# Almost sure convergence and Borell - Cantelli Lemma 2

Suppose we have the following random variable:

$$X_n = n$$ with probability $$\frac{1}{n}$$ and $$0$$ with probability $$1-\frac{1}{n}$$. We we can define this variable on the probability space $$([0,1], \mathcal{B}[0,1], \lambda)$$ where $$\lambda$$ is the Lebesgue measure. Also, we have independence for all $$n\geq1$$.

It is said that this $$X_n$$ converges to $$0$$ almost surely (several sources). However, once we check this by the Borel - Cantelli Lemma 2, we get that $$\sum_{n=1}^\infty P(X_n=n)=\infty$$. Given that the events are independent, we know that $$X_n=n$$ infinitely often.

What could be the reason I am receiving this contradiction?

• The source is correct, and never asserts that $(X_n)$ is independent (a hypothesis which you seem to have invented by yourself and which does not hold in the setting of the notes you are referring to). – Did Dec 17 '18 at 10:41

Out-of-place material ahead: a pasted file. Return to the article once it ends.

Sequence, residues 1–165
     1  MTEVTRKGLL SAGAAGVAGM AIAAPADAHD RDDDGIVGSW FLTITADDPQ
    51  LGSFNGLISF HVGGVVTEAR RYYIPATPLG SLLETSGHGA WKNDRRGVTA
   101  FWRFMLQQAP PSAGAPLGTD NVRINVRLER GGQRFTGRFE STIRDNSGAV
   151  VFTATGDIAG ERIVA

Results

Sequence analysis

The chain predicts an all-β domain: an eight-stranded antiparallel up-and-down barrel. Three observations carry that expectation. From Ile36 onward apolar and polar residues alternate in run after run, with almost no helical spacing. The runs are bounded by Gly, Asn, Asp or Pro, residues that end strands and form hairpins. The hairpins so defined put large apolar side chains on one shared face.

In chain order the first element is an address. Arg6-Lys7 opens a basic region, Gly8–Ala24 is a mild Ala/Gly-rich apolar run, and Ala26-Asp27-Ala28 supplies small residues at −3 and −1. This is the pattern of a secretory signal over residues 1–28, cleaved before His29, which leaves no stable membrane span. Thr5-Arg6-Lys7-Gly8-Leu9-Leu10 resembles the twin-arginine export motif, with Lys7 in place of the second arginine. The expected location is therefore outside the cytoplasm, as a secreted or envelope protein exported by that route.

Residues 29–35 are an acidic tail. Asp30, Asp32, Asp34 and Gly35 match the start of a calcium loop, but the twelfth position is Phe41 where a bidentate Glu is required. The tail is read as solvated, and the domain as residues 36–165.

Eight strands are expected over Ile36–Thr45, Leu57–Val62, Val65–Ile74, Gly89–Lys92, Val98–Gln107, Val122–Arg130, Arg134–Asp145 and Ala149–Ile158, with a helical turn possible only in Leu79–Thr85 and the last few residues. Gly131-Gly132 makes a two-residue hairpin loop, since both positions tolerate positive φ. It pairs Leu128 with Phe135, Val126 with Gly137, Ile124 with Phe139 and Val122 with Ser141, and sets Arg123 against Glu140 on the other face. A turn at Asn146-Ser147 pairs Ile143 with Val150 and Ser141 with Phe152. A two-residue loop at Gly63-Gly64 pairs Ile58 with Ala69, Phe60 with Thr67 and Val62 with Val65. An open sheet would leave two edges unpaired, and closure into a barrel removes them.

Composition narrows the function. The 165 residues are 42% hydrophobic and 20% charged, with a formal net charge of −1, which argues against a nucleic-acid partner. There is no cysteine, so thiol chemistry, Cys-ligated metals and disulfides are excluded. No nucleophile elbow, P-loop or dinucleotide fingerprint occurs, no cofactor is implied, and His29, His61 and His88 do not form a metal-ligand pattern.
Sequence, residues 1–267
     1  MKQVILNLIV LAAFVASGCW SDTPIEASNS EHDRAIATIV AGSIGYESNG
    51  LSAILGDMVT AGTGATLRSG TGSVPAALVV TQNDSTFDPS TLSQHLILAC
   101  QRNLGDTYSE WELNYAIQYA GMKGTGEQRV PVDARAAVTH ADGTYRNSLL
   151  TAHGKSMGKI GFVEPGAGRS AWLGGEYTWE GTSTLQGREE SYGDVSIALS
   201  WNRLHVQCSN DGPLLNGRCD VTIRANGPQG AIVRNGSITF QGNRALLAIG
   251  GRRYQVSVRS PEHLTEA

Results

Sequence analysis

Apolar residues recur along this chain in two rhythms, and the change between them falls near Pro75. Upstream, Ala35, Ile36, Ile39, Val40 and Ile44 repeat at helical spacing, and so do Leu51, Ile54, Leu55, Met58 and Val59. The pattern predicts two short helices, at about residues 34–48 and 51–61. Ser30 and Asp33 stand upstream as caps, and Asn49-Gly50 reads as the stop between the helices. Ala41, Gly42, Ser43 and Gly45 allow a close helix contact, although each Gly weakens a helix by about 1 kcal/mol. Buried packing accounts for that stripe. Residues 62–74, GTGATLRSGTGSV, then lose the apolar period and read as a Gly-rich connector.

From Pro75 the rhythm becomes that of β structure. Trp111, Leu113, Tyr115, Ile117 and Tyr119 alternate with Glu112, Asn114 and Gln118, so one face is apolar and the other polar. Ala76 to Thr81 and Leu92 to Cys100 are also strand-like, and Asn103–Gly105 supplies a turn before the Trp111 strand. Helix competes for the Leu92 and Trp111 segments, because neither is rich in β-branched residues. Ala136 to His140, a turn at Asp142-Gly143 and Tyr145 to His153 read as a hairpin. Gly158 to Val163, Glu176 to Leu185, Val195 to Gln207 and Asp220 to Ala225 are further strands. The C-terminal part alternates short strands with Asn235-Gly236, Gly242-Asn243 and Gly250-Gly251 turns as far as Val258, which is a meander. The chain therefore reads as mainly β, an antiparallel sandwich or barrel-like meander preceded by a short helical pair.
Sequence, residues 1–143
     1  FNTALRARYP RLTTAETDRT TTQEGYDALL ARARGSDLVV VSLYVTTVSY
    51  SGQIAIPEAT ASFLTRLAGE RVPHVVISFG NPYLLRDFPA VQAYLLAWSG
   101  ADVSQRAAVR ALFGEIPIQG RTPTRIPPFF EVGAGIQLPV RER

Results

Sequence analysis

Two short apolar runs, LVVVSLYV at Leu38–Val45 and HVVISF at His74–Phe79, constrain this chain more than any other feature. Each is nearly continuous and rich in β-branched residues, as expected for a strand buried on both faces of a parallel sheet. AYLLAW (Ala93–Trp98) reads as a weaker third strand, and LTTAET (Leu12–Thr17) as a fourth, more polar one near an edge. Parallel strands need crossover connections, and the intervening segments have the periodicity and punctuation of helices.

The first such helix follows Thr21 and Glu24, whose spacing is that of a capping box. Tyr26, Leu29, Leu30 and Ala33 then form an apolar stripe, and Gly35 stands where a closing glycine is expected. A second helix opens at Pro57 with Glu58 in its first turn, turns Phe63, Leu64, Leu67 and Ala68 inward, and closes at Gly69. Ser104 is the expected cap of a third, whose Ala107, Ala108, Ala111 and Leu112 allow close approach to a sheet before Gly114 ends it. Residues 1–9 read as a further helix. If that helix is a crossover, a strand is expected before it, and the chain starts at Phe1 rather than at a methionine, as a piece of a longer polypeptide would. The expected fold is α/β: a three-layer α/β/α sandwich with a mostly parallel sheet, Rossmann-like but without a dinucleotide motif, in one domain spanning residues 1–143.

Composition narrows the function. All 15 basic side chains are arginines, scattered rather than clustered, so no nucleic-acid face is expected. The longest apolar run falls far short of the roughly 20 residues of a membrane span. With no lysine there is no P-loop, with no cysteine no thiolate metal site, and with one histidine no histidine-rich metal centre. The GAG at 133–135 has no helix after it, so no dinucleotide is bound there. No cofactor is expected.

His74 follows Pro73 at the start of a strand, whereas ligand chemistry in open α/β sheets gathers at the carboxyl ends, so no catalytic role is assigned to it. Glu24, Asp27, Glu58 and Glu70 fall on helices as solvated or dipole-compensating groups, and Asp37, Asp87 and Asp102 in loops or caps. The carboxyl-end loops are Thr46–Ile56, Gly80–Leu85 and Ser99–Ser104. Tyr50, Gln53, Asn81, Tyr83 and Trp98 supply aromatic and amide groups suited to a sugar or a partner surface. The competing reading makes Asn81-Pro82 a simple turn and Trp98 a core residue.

• @Did I used the independence, because they do claim it in the same note later. It may have been a typo in the note. However, could you elaborate why the independence does not hold in this setting? – Ovi Dec 17 '18 at 10:52
• Because they explicitely build $(X_n)$ as $X_n=\mathbf 1_{(0,1/n)}$ on $[0,1]$ endowed with its Borel sigma-field and the Lebesgue measure, and these are not independent. "they do claim it in the same note later" Sure they do, but for completely different sequences $(X_n)$. No typo here. – Did Dec 17 '18 at 11:44
• @Did Thank you, I completely got it now! – Ovi Dec 17 '18 at 11:54

## 1 Answer

This is an answer to the question as posted here. The random variables are not defined explicitly in this question. It is just mentioned that they are defined on $$(0,1)$$ with Lebesgue measure. Explicit definition was given in the comments after I posted this answer.

I don't know what those sources are but we can only conclude that $$X_n \to 0$$ in probability. It need not converge almost surely.

• Thanks for the comment! Here is the link: nptel.ac.in/courses/108106083/lecture28_Convergence.pdf). Page 3, Example. I also think that, clearly, we can only talk about convergence in probability. – Ovi Dec 17 '18 at 10:39
• See comment on main. – Did Dec 17 '18 at 10:41